II. Forest Management and Revitalization of Mountain Villages
1. Toward Mitigation of Global Warming and Conservation of Biological Diversity
At the 3rd Session of the Conference of the Parties under the United Nations Framework Convention on Climate Change in 1997, Japan committed to reduce greenhouse gas (GHG) emission during the period from 2008 to 2012 by 6% from the emission level in 1990. Concerning this commitment, while forests were regarded as sinks, the amount of GHG removals by forests was limited to 13 million carbon tons (approximately 3.9% of Japan's GHG emission in 1990).
In December 2002, the Ministry of Agriculture, Forestry and Fisheries (MAFF) formulated the "10 Years Action Plan on the Mitigation of Global Warming by Forest Carbon-sink," which includes a series of programs up to 2012, to secure the maximum amount of GHG removals by forests.
The "National Strategy of Japan on Biological Diversity" was revised in March 2002. It recognized importance to conserve immediate nature as well as indigenous nature and rare animals and plants, to create conifer-broadleaf mixed forests, and to promote appropriate forest management such as thinning.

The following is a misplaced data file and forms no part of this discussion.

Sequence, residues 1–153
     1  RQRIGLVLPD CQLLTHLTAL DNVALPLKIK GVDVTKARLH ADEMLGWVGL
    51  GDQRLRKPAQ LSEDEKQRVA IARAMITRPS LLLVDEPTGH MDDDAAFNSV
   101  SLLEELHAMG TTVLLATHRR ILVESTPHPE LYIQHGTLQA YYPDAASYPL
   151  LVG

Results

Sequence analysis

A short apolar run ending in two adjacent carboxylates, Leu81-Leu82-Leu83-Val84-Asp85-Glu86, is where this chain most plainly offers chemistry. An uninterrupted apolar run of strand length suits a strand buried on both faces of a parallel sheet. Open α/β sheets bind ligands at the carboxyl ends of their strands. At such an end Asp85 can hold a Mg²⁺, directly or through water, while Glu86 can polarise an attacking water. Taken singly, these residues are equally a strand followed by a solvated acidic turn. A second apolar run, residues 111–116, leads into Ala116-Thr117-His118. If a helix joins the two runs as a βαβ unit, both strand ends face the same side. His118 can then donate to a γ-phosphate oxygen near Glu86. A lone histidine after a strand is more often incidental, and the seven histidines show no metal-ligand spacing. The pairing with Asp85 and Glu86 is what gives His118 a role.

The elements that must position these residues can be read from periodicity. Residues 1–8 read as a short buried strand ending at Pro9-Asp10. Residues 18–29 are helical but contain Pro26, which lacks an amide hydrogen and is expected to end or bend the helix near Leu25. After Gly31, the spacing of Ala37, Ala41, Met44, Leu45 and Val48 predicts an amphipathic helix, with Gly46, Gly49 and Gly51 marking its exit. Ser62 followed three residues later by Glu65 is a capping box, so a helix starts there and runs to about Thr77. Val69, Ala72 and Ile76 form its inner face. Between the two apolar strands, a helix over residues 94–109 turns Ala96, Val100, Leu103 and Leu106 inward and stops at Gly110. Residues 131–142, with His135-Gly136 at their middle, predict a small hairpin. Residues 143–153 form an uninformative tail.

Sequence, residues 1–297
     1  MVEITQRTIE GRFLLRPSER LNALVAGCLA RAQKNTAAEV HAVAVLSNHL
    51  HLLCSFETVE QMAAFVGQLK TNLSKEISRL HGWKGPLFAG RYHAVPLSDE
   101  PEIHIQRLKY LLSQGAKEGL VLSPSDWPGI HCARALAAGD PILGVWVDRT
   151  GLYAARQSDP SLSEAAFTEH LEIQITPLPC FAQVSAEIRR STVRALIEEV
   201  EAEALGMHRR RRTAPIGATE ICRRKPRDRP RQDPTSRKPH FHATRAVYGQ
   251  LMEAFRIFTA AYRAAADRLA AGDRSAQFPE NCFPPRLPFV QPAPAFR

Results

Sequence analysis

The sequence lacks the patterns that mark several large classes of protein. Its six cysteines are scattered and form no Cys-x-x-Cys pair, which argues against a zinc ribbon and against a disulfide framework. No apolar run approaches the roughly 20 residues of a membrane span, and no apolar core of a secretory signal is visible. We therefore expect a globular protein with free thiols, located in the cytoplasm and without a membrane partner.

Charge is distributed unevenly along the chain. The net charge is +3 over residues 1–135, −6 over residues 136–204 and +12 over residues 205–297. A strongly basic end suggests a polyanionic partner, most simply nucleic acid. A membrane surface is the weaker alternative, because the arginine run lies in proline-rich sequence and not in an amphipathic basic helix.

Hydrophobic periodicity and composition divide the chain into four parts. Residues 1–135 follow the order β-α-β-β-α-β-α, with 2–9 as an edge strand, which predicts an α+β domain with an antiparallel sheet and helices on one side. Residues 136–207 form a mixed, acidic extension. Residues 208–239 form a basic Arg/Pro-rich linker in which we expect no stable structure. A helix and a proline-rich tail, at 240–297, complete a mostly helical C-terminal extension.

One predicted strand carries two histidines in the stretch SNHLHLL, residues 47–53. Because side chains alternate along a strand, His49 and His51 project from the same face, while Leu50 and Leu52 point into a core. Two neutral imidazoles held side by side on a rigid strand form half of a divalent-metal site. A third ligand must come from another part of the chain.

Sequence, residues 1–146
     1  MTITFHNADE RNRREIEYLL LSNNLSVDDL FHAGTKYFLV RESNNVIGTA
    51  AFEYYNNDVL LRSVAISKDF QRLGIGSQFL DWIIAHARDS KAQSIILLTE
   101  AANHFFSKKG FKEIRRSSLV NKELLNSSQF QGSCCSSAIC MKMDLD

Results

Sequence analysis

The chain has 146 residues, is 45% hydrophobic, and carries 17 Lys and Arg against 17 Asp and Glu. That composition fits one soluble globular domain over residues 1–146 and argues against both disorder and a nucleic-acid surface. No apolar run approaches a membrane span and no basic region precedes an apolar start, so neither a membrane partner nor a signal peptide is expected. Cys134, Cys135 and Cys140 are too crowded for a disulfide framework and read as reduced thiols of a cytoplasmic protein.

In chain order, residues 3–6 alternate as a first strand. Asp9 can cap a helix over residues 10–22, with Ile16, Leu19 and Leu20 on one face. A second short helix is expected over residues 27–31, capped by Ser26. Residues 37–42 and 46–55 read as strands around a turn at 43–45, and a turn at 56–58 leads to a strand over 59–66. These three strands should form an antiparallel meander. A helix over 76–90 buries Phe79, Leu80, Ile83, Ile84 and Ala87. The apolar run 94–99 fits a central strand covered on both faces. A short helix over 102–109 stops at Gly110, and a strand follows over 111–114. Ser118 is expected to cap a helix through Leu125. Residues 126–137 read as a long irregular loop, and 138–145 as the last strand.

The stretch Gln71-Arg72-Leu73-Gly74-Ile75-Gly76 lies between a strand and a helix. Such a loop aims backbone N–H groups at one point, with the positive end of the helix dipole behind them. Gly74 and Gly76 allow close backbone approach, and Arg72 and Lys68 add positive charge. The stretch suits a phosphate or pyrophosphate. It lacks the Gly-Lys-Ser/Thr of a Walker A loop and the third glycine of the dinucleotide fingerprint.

2. Promotion of Forest Management to Fulfill the Multifunctional Roles of Forests
It is necessary to diversify forests by promoting practices for multi-storied forests and/or long-term-harvest-rotation forests, and introducing broadleaf trees, etc., mainly at the forests of which multifunctional roles must be highly fulfilled.
The area of the protection forests designated to fulfill public functions has reached 9.05 million ha (9.69 million ha in total) as of the end of FY 2001, accounting for 40% of Japan's forests.
Under collaboration of upstream (forest) communities with downstream ones, people from wide range of sectors have joined to forest management activities such as planting and thinning. In recent years, the fishery sector has briskly joined to forest management activities, and they conducted such activities at 137 sites nationwide in FY 2001.
In response to the introduction of the Comprehensive Five-day School Week System in FY 2002, education on forest and environment has been actively promoted.
3. Expected Roles of Mountain Villages
Many mountain villages maintain their function as settlements with a small number of households. More than half of these villages are consisted by less than 30 households. Decrease in the number of households may lead to degradation of villages' function as settlements.
Since communities in mountain villages have accumulated know-how to utilize bountiful local resources, including forests, effectively and in multi-stages, they may provide a model of the sustainable social system.